TCS Daily


Will Hutton's Fecund Suggestions

By Tim Worstall - October 1, 2004 12:00 AM

As columnist Mark Steyn has been telling us for years, demography is destiny and it is in the low birth rate countries of Continental Europe that this is going to cause problems first. The point was picked up by Will Hutton in last week's Observer along with an attempt to design a solution. Essentially, we need, once again, to change the work-life balance, families need more time and more time off in which to have and raise their children. Most especially, businesses cannot whine at the costs this imposes on them for:

"When your very civilisation is under threat, small firms complaining about the cost of maternity and paternity leave so their staff can have children are given short shrift. It is blatantly obvious that business is part of the national community and has to contribute to the common good or else it goes down the pan with the rest of society. "

Well, that is a strong and forthright statement of the bleedin' obvious, isn't it? That when our civilization is under threat, at risk of going down the pan, we might have to impose some slightly more restrictive rules than normal on some segment of that society in order to avert the looming disaster. So ladies, if you could just round up your Jimmy Choos, Manolo Blahniks and other fancy footwear and place them over there on the bonfire please? You won't be needing them any more as I am about to show you with impeccable liberal logic.

To an economist, the falling birth rate is easily explainable. We've got rich, fat and happy. This gives all of us, both male and female, more choices and more choices mean that the opportunity costs of any specific one are higher. Offered alternatives to bearing 12 children, women find that bearing one or two is quite sufficient thank you, they'd also like to have some of that self-esteem found through a career, that leisure of a sabbatical, well, simply more of the delights that modern civilization has to offer. Those who read a little Darwin might also point to modern medicine as lowering the fertility rate. Not just the availability of contraception but a change in the number of children desired instead of the number thrust upon those who enjoy the carnal delights. For if the meaning of life is to have descendants who then go on to have more (a very rough and ready outline of Darwinist theory) then the fact that almost all children survive to themselves be able to breed means you need to have fewer of them. Or, in econspeak, the opportunity cost of having few children has fallen.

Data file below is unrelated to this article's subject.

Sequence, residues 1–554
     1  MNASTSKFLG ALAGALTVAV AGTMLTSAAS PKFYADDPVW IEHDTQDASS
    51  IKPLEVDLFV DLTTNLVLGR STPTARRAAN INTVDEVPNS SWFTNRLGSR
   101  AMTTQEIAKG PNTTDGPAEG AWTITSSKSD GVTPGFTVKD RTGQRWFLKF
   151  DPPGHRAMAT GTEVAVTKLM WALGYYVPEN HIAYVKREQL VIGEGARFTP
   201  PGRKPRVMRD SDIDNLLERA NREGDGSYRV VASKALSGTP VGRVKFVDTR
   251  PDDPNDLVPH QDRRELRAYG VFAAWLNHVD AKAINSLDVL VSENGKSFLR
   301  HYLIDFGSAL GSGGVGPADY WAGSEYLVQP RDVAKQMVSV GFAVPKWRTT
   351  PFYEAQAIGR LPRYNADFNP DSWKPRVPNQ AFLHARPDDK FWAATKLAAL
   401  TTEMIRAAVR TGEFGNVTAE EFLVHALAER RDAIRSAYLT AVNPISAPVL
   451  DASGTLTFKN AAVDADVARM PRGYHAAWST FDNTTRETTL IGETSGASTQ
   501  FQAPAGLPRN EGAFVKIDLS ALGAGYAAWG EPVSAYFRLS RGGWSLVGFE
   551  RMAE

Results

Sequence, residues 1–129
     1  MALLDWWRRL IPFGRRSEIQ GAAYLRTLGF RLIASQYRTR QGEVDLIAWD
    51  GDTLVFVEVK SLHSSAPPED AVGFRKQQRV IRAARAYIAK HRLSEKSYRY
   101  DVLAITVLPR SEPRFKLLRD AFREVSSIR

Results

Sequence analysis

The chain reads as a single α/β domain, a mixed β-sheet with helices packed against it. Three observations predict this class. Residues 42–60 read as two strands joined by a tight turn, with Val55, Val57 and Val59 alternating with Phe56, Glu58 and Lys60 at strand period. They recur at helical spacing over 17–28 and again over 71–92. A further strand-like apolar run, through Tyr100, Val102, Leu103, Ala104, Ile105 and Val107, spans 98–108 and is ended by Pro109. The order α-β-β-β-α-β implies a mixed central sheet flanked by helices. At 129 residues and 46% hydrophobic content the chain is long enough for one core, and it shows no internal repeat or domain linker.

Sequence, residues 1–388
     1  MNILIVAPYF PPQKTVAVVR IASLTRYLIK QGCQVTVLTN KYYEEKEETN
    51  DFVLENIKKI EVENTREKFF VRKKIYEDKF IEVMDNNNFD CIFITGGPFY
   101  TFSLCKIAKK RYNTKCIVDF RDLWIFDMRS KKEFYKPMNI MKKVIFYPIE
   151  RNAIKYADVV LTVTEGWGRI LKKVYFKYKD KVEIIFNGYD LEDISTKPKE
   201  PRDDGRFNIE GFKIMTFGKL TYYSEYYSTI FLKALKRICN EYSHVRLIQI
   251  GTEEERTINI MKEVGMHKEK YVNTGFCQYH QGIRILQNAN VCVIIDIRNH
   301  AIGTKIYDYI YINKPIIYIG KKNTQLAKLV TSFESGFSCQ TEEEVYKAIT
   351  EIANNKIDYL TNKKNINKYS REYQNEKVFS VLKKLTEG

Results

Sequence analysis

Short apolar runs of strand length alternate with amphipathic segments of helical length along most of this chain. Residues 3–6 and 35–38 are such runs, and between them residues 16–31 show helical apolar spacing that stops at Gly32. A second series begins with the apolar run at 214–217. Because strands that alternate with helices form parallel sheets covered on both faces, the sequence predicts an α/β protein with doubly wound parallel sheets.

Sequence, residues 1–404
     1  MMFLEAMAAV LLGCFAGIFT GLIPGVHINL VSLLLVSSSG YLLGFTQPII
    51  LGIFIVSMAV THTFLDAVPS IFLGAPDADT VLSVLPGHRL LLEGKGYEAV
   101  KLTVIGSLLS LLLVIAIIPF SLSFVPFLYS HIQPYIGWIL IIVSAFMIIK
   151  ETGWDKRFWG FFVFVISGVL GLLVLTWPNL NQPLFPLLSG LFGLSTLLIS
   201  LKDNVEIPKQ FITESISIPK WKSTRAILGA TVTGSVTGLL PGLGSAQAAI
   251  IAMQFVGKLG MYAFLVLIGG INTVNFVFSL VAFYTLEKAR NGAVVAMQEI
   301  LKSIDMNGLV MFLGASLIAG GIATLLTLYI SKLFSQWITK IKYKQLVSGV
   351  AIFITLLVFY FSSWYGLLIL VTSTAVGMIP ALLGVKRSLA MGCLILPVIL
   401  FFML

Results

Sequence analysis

We could therefore arrive at an economist's solution to this problem, which is that we should all go back to being poor with no choices in order to raise the birth rate. Or stop vaccinating children. We might also note that a good bloody war raises birth rates but I'm not sure that any of those three are going to be seriously accepted.

Mr Hutton tells us that we need to have more maternity and paternity leave, in short, that business and society as a whole need to be more family friendly. I thought this sounded logical until I paid a visit to Nationmaster and started looking around at fertility rates in wealthy countries.

The country with the most family orientated policies I can think of is Sweden; extensive leave for both parents, universal childcare, 80% marginal tax rates (adding direct and indirect) making extra work rather than raising kids valueless, essentially a liberal's wet dream. The fertility rate is 1.54 births per woman.

The UK, which is much less accommodating to the needs of mothers and their children, has one of 1.65.